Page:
Troubled shipping lines raise rates on key routes
Exporters and importers face higher shipping costs as loss-making and financially troubled shipping lines raise freight rates on key trade routes to Europe, the Mediterranean and South Asia in the next few months.
The increases will more than double freight rates on some routes compared with December, as global container shipping lines contend with estimated collective losses last year of US$5.2 billion.
Sunny Ho Lap-kee, executive director of the Hong Kong Shippers' Council, criticised the rate increases, saying consumer demand remained soft for Hong Kong and mainland exporters in western economies. Ho, whose group represents 47 trade associations, manufacturers and other trade companies, said: 'Many shippers are facing a very difficult time. We will be facing a very quiet period.'
But prices of shares in container lines have climbed in the expectation that revenues and profitability will rise on the back of higher freight rates.
Shares in China Shipping Container Lines surged 8.5 per cent yesterday, continuing an upward trend that started earlier this week, after it said it planned to raise freight rates. Orient Overseas (International), parent of the Tung family-controlled container carrier, saw its stock surge by HK$6 this week after OOCL announced rate increases on Tuesday. Last week German container line Hapag-Lloyd was the first carrier to announce a general rate increase of US$750 per teu (20-foot equivalent unit) from March 1 on westbound shipments from Asia to Europe. By comparison, container rates from Shanghai to Europe slumped to under US$500 per teu in early December before a rebound caused by the pre-Christmas and Lunar New Year cargo rush. Hapag-Lloyd said rates for container cargo from Europe to Asia and the Middle East would rise by US$100 per teu from February 13, with increases on other trade lanes.
Other carriers, including OOCL, Cosco Container Lines and Maersk, subsequently announced rate rises on Asia-Europe, Mediterranean and other routes. OOCL said a US$200 per teu increase would apply on cargo from north Europe to Asia from February 15. The carrier said 'further rate restorations' would be applied this year. Coscon said surcharges to cover higher fuel costs and foreign exchange fluctuations would also rise.
Ho said the timing of the rate increases for February and March in the traditional slack season suggested some collusion among lines.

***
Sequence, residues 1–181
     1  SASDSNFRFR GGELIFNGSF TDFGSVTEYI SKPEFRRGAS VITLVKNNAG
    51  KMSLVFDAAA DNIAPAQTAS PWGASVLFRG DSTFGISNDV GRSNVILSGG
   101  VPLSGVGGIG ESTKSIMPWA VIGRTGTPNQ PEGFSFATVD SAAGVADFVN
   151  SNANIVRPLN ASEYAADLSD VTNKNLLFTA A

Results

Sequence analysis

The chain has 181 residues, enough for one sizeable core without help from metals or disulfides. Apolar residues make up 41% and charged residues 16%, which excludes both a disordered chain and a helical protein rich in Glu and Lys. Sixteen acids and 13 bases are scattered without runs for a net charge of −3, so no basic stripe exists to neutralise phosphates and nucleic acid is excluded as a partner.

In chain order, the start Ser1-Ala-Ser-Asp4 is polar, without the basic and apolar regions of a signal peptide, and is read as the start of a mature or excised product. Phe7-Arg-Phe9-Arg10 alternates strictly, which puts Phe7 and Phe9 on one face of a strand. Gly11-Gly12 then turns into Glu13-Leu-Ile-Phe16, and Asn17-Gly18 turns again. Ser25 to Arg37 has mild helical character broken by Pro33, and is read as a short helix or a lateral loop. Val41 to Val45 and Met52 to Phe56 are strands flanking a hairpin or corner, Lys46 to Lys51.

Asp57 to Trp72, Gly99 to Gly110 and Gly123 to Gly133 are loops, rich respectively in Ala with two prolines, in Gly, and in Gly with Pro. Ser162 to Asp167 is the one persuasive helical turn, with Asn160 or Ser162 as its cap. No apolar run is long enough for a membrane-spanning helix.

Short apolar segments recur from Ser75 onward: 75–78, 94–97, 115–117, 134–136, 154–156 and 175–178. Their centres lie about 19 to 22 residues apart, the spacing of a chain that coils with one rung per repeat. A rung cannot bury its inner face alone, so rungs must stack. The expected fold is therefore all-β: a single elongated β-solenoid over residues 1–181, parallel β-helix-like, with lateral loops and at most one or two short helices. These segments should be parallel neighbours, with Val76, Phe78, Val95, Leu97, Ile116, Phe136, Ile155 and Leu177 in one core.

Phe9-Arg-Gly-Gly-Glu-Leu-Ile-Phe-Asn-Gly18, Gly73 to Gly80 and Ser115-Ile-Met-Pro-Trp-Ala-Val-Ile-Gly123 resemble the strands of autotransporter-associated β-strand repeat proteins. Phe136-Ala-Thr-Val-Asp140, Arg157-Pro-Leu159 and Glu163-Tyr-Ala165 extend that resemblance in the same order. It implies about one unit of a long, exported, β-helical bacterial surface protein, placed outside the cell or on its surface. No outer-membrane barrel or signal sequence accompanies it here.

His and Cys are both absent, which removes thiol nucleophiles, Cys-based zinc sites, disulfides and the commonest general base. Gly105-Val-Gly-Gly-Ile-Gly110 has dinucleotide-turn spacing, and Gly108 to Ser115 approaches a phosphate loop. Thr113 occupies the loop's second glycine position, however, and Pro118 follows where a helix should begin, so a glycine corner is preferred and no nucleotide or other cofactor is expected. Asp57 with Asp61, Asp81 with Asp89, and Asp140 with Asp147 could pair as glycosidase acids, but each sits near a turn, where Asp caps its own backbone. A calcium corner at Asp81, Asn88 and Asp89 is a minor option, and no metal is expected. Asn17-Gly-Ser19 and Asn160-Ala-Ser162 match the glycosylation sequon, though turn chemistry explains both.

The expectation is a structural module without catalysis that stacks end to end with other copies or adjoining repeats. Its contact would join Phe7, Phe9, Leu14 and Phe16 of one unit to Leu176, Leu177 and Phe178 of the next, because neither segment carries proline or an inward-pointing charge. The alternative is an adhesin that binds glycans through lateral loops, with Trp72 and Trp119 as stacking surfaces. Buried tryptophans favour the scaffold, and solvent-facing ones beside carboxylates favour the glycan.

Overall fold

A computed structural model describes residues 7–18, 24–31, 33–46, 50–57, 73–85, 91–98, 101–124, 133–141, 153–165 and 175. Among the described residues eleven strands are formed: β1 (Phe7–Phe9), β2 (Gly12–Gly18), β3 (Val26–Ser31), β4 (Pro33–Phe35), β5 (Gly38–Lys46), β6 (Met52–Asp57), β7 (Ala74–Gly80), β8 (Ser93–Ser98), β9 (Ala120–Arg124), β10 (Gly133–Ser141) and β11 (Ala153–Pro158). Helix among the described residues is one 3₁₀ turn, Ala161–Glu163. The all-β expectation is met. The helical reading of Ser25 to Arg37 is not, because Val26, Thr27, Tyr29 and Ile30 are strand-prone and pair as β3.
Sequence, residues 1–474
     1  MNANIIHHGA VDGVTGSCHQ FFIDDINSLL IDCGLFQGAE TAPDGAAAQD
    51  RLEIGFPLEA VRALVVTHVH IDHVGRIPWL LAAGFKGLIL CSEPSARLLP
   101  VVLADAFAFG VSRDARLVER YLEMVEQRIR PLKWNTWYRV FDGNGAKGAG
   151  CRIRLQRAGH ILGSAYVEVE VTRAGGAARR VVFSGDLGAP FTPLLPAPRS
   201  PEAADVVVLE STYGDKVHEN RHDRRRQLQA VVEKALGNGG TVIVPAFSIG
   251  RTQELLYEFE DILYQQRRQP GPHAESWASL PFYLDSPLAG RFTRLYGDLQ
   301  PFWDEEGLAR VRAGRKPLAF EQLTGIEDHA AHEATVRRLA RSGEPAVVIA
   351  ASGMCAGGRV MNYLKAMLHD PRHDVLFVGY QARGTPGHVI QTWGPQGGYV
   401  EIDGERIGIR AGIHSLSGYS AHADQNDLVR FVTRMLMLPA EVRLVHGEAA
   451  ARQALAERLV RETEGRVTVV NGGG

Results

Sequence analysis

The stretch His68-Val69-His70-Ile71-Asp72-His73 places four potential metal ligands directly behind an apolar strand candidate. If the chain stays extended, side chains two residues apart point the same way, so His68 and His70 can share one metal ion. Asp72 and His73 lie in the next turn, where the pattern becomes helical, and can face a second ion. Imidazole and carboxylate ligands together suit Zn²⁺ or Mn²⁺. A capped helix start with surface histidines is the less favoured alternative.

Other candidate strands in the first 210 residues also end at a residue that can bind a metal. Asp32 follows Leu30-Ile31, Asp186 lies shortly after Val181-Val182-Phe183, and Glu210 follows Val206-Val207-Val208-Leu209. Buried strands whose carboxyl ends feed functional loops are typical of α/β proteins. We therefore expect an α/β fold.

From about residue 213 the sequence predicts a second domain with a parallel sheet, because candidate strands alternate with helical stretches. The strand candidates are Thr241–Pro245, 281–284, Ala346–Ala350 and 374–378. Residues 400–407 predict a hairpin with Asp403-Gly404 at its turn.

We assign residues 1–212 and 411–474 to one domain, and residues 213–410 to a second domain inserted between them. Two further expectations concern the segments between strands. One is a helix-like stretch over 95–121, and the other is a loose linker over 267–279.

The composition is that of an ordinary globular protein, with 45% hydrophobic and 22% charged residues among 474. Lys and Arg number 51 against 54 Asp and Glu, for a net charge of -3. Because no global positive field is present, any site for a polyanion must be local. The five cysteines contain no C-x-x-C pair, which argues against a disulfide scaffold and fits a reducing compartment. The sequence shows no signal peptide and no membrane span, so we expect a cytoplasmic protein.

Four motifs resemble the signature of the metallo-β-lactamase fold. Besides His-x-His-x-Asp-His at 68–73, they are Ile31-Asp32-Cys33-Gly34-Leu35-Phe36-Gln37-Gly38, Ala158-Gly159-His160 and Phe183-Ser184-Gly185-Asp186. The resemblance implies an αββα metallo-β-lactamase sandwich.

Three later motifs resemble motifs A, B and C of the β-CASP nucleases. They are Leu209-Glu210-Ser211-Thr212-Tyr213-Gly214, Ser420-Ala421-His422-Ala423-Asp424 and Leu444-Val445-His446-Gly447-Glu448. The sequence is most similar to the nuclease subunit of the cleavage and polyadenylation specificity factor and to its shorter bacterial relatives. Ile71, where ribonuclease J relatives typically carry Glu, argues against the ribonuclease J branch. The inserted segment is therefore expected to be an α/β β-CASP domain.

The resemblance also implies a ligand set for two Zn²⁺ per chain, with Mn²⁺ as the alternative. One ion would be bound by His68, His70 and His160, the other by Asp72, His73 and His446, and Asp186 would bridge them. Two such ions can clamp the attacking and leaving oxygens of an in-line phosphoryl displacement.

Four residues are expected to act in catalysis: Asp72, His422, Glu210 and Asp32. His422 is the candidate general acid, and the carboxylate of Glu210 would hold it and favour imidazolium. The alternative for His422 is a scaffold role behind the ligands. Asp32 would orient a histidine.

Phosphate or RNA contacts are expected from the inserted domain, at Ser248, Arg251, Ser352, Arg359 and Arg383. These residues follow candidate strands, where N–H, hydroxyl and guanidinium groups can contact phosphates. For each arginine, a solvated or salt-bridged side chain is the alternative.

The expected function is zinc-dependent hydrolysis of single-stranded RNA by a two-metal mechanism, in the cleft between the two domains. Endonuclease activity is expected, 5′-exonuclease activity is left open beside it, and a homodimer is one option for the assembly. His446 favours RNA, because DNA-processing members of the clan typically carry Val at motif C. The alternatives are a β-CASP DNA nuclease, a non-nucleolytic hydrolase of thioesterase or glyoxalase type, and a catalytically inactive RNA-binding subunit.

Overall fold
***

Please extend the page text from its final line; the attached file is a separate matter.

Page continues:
He added that rates had fallen because carriers ordered too many ships and it was unfair on exporters and cargo owners for shipping lines to now increase rates. 'Carriers made wrong decisions by ordering so much capacity. It was done out of greediness. It was a wrong management decision. They should not be asking shippers to pay for their mistake [by raising box rates],' Ho said.
The Hong Kong-based regional head of one major box line said that while he sympathised with exporters and cargo owners over the extra rate cost, existing freight rates were unsustainable and did not even cover ship operating and fuel costs. He hoped that carriers would resist pressure by shippers and cargo owners to cut the size of the rate increases - 'if it doesn't hold or carriers only get a part of it, then container lines would try in a few months' time to raise rates again'. Coscon is the only carrier so far to confirm rates will rise incrementally on some routes.
He also warned that exporters and cargo owners could face similarly robust rate increases on trans-Pacific routes in the coming weeks. He said the 15 container line members of the Transpacific Stabilisation Agreement, including OOCL, Coscon and CSCL, would meet in Hong Kong next week. And while the group does not fix rates, it is a forum for major ocean container shipping lines to develop voluntary, non-binding guidelines for rates and charges. Lines belonging to the group together control about 90 per cent of the eastbound cargo capacity across the Pacific.
The senior container company executive said a possible rate increase on trans-Pacific routes came as 'trade volumes were quite good'. The industry insider said carriers were on course to see a major increase in cargo space bookings on their container ships from retailers in the United States in the second quarter as inventories were rebuilt and buoyed by consumer demand.